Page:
When you are faced with a knife held in the hands of an
Using the left hand to parry a right handed thrust to outside.
enemy for an upward thrust into your abdominal region, the parry is again the best means of defense. The parry can he executed either with the right or left arm as follows: As the attacker makes an upward thrust, sweep your right arm across the front of your body and catch the upward moving knife arm on the outside of your arm. This will cause the direction of the thrust to be diverted to your right, or outside of your body. The left arm may be used to take the initial impact to parry the weapon to the right also, but better timing is necessary if a left is used.
Any sweep of the arm in any direction, such as in a parry, causes the body to pivot naturally out of line of the thrust. Oncc the parry or block has been successfully completed, vou must move in close to your man and finish him off.
Use of Feet: One of the most effective means of defending oneself against a knife-man advancing to attack in a crouch position with knife held close to his body is to use the side of your foot to kick out the knee of the advanced leg of the attacker.
If you find yourself surrounded in a room where individuals would be likely to use knives, back into a corner and use your feet to keep them out of arm's reach.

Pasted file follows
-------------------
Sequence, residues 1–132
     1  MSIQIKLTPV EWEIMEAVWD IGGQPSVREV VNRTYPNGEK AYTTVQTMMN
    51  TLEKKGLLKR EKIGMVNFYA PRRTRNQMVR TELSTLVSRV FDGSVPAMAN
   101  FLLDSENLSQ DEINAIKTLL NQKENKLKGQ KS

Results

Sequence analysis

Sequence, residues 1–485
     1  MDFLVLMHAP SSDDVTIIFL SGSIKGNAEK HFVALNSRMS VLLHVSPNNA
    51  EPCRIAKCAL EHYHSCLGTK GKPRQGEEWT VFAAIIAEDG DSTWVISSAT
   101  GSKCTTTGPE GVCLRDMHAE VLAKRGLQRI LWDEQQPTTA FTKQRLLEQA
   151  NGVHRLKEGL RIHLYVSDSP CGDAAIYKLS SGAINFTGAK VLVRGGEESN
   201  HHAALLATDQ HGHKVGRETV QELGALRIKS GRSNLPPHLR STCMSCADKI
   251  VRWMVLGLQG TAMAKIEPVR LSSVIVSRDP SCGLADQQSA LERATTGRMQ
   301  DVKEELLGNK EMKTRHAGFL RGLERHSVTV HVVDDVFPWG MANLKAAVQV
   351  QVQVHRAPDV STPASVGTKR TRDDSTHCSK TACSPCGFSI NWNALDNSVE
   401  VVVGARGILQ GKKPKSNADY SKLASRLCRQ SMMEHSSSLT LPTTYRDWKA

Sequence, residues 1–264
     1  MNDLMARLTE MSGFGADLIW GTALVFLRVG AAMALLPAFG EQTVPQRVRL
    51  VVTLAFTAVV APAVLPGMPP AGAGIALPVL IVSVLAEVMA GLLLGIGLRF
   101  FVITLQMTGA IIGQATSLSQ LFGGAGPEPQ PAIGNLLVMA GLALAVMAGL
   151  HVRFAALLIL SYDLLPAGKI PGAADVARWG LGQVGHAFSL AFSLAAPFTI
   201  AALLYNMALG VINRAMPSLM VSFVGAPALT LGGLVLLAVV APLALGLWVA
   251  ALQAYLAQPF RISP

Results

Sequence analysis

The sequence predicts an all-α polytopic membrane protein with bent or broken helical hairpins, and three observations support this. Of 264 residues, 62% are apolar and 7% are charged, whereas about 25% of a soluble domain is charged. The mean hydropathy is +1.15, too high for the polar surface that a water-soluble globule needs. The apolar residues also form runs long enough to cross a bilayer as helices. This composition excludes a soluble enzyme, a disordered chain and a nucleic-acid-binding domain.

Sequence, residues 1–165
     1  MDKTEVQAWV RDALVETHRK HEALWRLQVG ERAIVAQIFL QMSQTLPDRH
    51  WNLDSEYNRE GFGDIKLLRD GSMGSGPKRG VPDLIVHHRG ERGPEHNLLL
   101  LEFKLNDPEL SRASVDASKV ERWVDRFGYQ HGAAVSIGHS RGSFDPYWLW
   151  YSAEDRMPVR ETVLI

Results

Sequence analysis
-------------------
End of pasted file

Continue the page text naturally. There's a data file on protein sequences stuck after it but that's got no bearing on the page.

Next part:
Use of Chair: The "chair defense" against a knife-man is good, provided vou have a chair handy. Grip it by the back and point the legs at your attacker. Advance toward him, making short jabs as you advance.
The principle involved here is the same as that used in lion taming. The knife-man cannot possibly watch all four legs of the chair at once. Consequently he becomes confused and is more susceptible to blows from your fecr which can be directed towards his body in conjunction with a thrust of the chair.
Use of Stick: Another defense, which is employed against a skilled knife fighter is the use of a small srick. The stick is grasped in the right hand in such a manner that the length runs down the inside of the forearm. After some practice you can make it virtually impossible for the knife-man to reach into your vital body areas. Use the forearm to parry
any attempt to thrust. The stick lies along the inside of the forearm and wrist in such a manner as to protect the tendons and arteries against a disabling cut or slash. A cut on the outside, or bony part of the forearm will have little "hamstringing" effect.
As mentioned previously, these defenses are only possible and practicable after you have had ample time to see the knife coming towards you. The best stick defense is the one which involves the use of a limb or club the size of a baseball bat, using it with both hands in the traditional manner.
Value of Surprise: Remember that the element of surprise is very great against the knife-man if vou can take the offensive in conjunction with the parr\ or block.
As to any definite means or methods to finish him off during the attack, than depends upon you, and what you can do best according to what you have gained through practice of attacks mentioned elsewhere.